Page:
Notes I: Papers, Posts, Ideas, Information

This is a place for me to take notes on and review texts, books, and posts; record random thoughts and ideas in more depth; and record notes that I'd like to reference quickly. Some notes go into my Anki decks.

Blockquotes (see below for example) are essentially direct quotes. For example, if the quote says "In our lives, we are constantly ...", I will shorten it to "We are constantly ...". No information is lost, but the note is shorter for reference and typing. Anything in [square brackets like this] is my personal note.

This is a blockquote example [and here is a personal note].

Notes Series

Notes I: Papers, posts, ideas, information

Notes II: Economics, medicine, (geo)politics, technology, science

Notes III: Books, podcasts

Notes IV: Electronics

Notes V: Miscellaneous


Ethan's Laws

Ethan's First Law:

Ethan's Second Law: The less a website's name sounds like the topic it's devoted to, the better the information it contains and/or produces (see Against SEO)

Ethan's Third Law: The longer a commitment goes unfulfilled, the less likely it is to become fulfilled.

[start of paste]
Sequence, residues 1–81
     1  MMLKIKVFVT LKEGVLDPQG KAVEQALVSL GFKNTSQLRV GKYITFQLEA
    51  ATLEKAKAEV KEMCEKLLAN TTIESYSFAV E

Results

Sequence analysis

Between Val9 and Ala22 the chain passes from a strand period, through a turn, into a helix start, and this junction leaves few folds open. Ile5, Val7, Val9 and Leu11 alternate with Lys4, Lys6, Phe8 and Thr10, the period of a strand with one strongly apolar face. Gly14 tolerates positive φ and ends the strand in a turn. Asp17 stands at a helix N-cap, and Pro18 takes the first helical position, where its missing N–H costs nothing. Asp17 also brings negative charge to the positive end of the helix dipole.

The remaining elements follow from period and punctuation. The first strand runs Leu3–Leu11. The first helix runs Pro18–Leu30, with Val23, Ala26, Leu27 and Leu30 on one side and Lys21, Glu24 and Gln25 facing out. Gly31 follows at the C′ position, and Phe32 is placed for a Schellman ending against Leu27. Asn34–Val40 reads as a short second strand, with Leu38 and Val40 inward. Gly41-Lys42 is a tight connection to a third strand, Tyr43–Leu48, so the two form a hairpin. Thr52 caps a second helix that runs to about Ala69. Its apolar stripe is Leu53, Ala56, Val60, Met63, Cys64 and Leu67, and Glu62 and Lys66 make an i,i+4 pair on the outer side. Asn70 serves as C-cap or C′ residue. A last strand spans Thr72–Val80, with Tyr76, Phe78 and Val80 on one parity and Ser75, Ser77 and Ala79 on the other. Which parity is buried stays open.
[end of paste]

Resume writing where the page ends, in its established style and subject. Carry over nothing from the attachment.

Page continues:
Ethan's Fourth Law: Any entity that does not explicitly state they will not sell out will eventually sell out.

Iron Law of Driving: The expected decrease in driving time of any intentional driving action (e.g., switching lanes in rush hour, making a detour to avoid traffic) is zero.

Law of Discipline Momentum: Completing easier tasks builds momentum, allowing more challenging tasks to be accomplished more easily. (This is basically success spirals before I found out about them.)

15 of the most useful razors and rules I've found

Bezos' Razors:

Skinner's Law:

Luck Razor:

Bragging Razor:

Naval's Razors:

Munger's Law:

List of how people have become more hard-working

Source: List of how people have become more hard-working

Individual points that were mentioned the most:

Decision Chart Considerations

I was helping a friend try to decide between two jobs in different cities and these are the qualifiers we came up with. These are in no particular order and should be weighted on a subjective basis. These are similar to the considerations from Where to Live for Happiness. Posting this here for reference or future additions.

Winning the Lottery

Every so often, the [lottery name] gets over $1 billion, which is the cue for me to buy a ticket or two just for the heck of it. Here's best practices for winning those who win really big lotteries. Everything is unformatted because I'm lazy.

u/BlakeClass's famous Reddit comment first comes to mind: